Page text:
-Tonality and Modality
-Harmonization of a Given Part
-Harmonic Rhythm
-Modulation
-Secondary Dominants
-Nondominant Harmony
-The Neapolitan Sixth
-Extension of Tonality

Those are just a few of the topics it covers; the only con, that I can see, is a lack of an accompanied disk to listen to the examples. =/

It is a really interesting book, it's a bit old school though.

I second this it is an awesome book.

Sean0913
02-05-2010, 11:00 AM
Hal Leonards music theory for guitarists. Everything from beginner to advanced level stuff. best mt book out there

Unfortunately I disagree, it's basic and doesn't even include Tritone Sub or Secondary Dominants. Not the best by any means. Virtually all theory Guitar Books, lessons and such that Iv'e seen, are the same thing in a different shell.

I actually thing that the series Ultimate Guide here is a lot more detailed and informative than HL or Even Guitar Workshop theory books. I understand both books because I know my theory, but I came across my understanding over a period of years self taught.

I liker HL dont get me wrong, but Ive yet to find a theory book or approach that doesn't mirror what I term the classic rote approach to music theory.

So far Mike Dodge and the Ultimate Guide are the best Ive seen. And I look at all lessons and resources that I come across, book video or otherwise. Because I'm still waiting to see if anyone else besides myself came up with a different way.

Corwinoid
02-05-2010, 12:38 PM
Bach agrees, but Palestrina would like a word with you ;)

I take it you mostly specialise in free counterpoint then? ATM I'm just studying (again) strict counterpoint.Actually Palestrina would be like "zomg, wtf, that's so goo... oh wait I'm dead never mind." The entire idea behind strict counterpoint is to learn counterpoint in the style of Palestrina, but to do so by introducing new ideas, hence the usage of fifth species and Fux's intent to add a section on relaxing rules with increased voices. It's worth noting that a lot of Palestrina's polyphony is 6-8 voices, so he couldn't have written within the bounds of species counterpoint anyway.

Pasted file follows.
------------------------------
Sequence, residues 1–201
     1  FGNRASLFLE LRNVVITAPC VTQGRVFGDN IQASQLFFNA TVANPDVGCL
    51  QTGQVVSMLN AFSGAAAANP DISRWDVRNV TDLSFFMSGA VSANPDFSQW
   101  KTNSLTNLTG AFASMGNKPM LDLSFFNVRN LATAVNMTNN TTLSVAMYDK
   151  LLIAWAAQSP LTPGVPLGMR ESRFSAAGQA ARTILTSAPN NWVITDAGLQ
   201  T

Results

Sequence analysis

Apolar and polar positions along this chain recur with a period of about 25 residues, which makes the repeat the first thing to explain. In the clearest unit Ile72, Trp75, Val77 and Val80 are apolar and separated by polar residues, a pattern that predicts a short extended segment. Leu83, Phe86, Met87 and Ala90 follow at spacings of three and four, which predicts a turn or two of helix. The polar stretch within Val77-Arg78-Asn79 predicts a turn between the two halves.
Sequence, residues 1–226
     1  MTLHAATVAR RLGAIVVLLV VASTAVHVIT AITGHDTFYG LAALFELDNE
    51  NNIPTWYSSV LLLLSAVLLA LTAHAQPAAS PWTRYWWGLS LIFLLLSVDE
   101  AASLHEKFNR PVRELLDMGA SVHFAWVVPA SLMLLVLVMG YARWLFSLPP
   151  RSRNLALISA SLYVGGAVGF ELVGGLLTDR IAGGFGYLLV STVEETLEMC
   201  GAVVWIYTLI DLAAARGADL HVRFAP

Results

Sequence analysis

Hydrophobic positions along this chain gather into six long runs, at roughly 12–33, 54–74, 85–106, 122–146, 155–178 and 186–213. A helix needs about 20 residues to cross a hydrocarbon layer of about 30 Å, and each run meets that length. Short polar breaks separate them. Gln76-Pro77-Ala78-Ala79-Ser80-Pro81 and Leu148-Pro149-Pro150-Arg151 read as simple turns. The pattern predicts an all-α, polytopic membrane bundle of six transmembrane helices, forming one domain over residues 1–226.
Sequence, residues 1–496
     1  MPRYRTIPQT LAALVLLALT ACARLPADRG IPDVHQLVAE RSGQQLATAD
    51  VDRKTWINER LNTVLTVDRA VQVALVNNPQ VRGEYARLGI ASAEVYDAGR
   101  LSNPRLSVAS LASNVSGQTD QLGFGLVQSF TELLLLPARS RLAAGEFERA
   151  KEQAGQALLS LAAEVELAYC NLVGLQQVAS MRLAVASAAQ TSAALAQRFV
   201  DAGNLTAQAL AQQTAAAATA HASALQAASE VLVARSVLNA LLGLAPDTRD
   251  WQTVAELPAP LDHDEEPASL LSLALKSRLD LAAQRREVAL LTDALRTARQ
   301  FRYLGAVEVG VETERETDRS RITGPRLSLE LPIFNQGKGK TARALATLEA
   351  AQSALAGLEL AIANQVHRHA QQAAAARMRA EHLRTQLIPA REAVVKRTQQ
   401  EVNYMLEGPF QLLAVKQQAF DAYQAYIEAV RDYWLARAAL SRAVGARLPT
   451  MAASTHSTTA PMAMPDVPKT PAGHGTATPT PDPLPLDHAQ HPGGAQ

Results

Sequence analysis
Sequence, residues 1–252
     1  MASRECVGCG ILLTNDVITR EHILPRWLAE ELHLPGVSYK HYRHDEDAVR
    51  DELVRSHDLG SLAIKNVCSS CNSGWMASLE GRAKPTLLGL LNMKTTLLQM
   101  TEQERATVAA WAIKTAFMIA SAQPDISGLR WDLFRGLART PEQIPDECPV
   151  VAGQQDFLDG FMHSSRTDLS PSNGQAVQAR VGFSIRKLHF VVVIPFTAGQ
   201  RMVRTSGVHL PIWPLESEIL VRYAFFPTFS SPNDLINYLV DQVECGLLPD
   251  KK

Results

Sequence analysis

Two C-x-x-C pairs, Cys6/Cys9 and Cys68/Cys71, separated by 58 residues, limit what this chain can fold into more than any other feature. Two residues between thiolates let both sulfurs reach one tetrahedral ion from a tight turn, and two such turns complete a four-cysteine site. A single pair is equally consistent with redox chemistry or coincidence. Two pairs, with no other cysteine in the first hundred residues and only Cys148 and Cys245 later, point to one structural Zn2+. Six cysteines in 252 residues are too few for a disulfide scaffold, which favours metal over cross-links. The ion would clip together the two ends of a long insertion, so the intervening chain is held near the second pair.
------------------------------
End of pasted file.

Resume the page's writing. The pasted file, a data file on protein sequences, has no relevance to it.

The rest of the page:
It's a teaching method developed well after Pally's death anyway, and started the Vienna school. Most of the strongest counterpoint examples in the style Fux is presenting are probably Mozart and Beethoven (cf. The Magic Flute) rather than Palestrina himself.

It's worth remembering that Pally was largely a sacred composer immediately post-Trent, so he would have been completely at odds with the baroque idea of ornamentation, the emerging theory of the triad as the foundation of the harmonic unit, and a number of other baroque ideas; as where Fux was a late baroque composer wanting to expand on the baroque style by introducing polyphonal free counterpoint and escaping from the invention/fugue/canon types of strict counterpoint.

(It's interesting in light of that, that in spite of probably understanding tertiary function, Fux uses the intervallic system as the foundation of counterpoint)

demonofthenight
02-06-2010, 07:26 AM
Actually Palestrina would be like "zomg, wtf, that's so goo... oh wait I'm dead never mind."Doubtful. Most of the additions Bach made to the technique caused a lot of rage. Specifically his emphasis on the harmonic factors of his music, iirc. I don't think Palestrina would have liked Bach.

The entire idea behind strict counterpoint is to learn counterpoint in the style of Palestrina, but to do so by introducing new ideas,This is true. The only text book I've found that doesn't recommend starting with strict species counterpoint seems to be Kent Kennan's (even though his method is still sort of like species counterpoint), which kind of sucks. At first, I didn't really want to learn something I probably wouldn't want to use.

hence the usage of fifth species and Fux's intent to add a section on relaxing rules with increased voices.Palestrina used 5th species from time to time. Florid counterpoint wasn't completely Fux's work.

I'm just starting to study strict counterpoint and doing so in my own free time, so I'll probably have a lot of misunderstandings. I did apply for a music school, but they wouldn't even give me an audition.